Arrays actually act like both hash tables (associative arrays) and indexed arrays (vectors).

Single Dimension Arrays

PHP supports both scalar and associative arrays. In fact, there is no difference between the two. You can create an array using the list() or array() functions, or you can explicitly set each array element value.

$a[0] = "abc"; 
$a[1] = "def"; 
$b["foo"] = 13;

You can also create an array by simply adding values to the array. When you assign a value to an array variable using empty brackets, the value will be added onto the end of the array.

$a[] = "hello"; // $a[2] == "hello"
$a[] = "world"; // $a[3] == "world" 

Arrays may be sorted using the asort(), arsort(), ksort(), rsort(), sort(), uasort(), usort(), and uksort() functions depending on the type of sort you want.

You can count the number of items in an array using the count() function.

You can traverse an array using next() and prev() functions. Another common way to traverse an array is to use the each() function.

Multi-Dimensional Arrays

Multi-dimensional arrays are actually pretty simple. For each dimension of the array, you add another [key] value to the end:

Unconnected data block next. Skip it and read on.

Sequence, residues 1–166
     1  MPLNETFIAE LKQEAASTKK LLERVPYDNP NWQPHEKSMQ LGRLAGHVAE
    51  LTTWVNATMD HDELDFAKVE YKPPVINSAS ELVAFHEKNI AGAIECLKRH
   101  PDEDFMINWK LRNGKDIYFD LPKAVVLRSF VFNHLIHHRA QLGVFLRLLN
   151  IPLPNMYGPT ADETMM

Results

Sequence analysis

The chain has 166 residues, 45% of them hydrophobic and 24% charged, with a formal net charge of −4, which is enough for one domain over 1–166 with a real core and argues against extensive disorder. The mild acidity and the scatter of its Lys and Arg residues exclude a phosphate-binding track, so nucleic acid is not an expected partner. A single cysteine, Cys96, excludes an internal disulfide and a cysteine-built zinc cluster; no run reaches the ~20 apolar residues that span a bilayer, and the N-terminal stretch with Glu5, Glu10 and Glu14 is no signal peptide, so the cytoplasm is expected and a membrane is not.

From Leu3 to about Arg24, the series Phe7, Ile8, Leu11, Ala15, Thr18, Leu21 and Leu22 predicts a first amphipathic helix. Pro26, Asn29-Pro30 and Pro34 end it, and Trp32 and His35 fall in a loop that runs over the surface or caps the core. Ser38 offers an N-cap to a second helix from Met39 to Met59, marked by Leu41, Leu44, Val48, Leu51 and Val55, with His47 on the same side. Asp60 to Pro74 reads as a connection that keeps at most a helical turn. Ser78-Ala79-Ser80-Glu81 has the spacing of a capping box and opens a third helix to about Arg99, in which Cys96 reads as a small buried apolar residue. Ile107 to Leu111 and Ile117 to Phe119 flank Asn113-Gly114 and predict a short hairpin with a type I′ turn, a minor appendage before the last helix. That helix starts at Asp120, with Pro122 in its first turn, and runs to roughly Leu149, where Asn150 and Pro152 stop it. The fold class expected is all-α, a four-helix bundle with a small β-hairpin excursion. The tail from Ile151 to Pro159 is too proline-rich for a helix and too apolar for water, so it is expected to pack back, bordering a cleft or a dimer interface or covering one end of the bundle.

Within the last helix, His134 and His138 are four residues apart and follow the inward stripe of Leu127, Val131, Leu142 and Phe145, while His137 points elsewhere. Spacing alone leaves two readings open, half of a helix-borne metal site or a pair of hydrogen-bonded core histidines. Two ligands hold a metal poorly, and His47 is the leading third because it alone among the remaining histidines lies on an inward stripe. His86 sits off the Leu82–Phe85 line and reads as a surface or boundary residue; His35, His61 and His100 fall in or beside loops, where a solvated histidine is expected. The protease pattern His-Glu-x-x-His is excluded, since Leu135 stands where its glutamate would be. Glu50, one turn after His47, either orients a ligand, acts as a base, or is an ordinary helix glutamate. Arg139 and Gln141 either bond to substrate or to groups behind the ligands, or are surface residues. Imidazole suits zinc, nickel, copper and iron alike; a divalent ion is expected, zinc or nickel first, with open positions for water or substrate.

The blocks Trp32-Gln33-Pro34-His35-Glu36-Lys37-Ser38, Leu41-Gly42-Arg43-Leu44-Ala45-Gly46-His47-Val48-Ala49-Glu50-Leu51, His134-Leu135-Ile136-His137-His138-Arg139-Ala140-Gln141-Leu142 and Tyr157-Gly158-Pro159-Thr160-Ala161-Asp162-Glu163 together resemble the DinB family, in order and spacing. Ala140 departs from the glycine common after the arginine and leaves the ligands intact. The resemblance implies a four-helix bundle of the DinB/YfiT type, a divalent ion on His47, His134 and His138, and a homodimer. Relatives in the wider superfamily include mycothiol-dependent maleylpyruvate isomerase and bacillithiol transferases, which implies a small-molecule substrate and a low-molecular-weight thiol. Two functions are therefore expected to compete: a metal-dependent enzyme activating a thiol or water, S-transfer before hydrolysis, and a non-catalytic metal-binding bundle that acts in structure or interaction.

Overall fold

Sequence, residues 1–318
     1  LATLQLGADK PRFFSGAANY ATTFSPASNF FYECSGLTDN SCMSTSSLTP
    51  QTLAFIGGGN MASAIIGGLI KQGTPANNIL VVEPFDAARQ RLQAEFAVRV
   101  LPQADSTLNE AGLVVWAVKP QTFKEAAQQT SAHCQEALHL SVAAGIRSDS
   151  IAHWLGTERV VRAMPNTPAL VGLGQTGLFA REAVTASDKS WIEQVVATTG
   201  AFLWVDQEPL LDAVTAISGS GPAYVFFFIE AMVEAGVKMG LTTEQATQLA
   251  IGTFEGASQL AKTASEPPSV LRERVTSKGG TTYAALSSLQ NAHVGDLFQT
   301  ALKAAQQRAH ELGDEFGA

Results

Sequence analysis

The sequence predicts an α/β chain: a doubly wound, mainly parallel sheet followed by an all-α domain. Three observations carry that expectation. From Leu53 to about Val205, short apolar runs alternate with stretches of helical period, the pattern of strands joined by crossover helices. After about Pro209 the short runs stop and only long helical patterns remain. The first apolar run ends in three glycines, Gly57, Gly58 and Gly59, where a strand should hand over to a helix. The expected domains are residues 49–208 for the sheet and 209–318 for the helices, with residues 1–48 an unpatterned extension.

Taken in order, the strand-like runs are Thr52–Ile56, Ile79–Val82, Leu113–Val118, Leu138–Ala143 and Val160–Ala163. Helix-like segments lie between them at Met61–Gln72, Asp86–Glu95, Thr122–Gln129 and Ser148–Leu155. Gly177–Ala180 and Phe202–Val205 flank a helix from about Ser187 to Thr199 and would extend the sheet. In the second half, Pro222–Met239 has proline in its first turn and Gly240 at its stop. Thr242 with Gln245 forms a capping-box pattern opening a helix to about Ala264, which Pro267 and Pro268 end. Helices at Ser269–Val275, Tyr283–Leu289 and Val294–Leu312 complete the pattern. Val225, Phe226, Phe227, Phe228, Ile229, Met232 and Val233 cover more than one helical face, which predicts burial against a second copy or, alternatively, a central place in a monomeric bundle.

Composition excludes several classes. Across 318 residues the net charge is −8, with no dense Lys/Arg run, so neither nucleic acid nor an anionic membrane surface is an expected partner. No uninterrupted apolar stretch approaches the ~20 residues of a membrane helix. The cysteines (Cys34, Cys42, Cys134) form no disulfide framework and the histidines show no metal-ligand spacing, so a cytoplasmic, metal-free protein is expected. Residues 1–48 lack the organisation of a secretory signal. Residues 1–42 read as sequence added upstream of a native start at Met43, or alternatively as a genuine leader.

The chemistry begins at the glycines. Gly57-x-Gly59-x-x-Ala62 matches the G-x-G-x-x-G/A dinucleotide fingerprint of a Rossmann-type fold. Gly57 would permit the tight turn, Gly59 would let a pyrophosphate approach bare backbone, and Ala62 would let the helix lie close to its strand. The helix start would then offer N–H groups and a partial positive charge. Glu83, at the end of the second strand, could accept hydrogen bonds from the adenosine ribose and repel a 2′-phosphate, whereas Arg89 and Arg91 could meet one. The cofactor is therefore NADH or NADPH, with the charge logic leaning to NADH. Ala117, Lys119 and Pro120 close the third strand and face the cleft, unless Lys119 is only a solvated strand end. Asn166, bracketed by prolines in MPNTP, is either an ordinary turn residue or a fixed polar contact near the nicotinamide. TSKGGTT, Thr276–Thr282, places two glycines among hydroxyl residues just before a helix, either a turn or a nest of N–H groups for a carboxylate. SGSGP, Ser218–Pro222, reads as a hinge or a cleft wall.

$a[1]      = $f;               # one dimensional examples
$a["foo"]  = $f;   

$a[1][0]     = $f;             # two dimensional
$a["foo"][2] = $f;             # (you can mix numeric and associative indices)
$a[3]["bar"] = $f;             # (you can mix numeric and associative indices)

$a["foo"][4]["bar"][0] = $f;   # four dimensional!

In PHP3 it is not possible to reference multidimensional arrays directly within strings. For instance, the following will not have the desired result:

$a[3]['bar'] = 'Bob';
echo "This won't work: $a[3][bar]";

In PHP3, the above will output This won't work: Array[bar]. The string concatenation operator, however, can be used to overcome this:

$a[3]['bar'] = 'Bob';
echo "This will work: " . $a[3][bar];

In PHP4, however, the whole problem may be circumvented by enclosing the array reference (inside the string) in curly braces:

$a[3]['bar'] = 'Bob';
echo "This will work: {$a[3][bar]}";

You can "fill up" multi-dimensional arrays in many ways, but the trickiest one to understand is how to use the array() command for associative arrays. These two snippets of code fill up the one-dimensional array in the same way:

# Example 1:

$a["color"]	= "red";
$a["taste"]	= "sweet";
$a["shape"]	= "round";
$a["name"]	= "apple";
$a[3]		= 4;

# Example 2:
$a = array(
     "color" => "red",
     "taste" => "sweet",
     "shape" => "round",
     "name"  => "apple",
     3       => 4

The array() function can be nested for multi-dimensional arrays:

$a = array(
     "apple"  => array(
          "color"  => "red",
          "taste"  => "sweet",
          "shape"  => "round"
     "orange"  => array(
          "color"  => "orange",
          "taste"  => "tart",
          "shape"  => "round"
     "banana"  => array(
          "color"  => "yellow",
          "taste"  => "paste-y",
          "shape"  => "banana-shaped"

echo $a["apple"]["taste"];    # will output "sweet"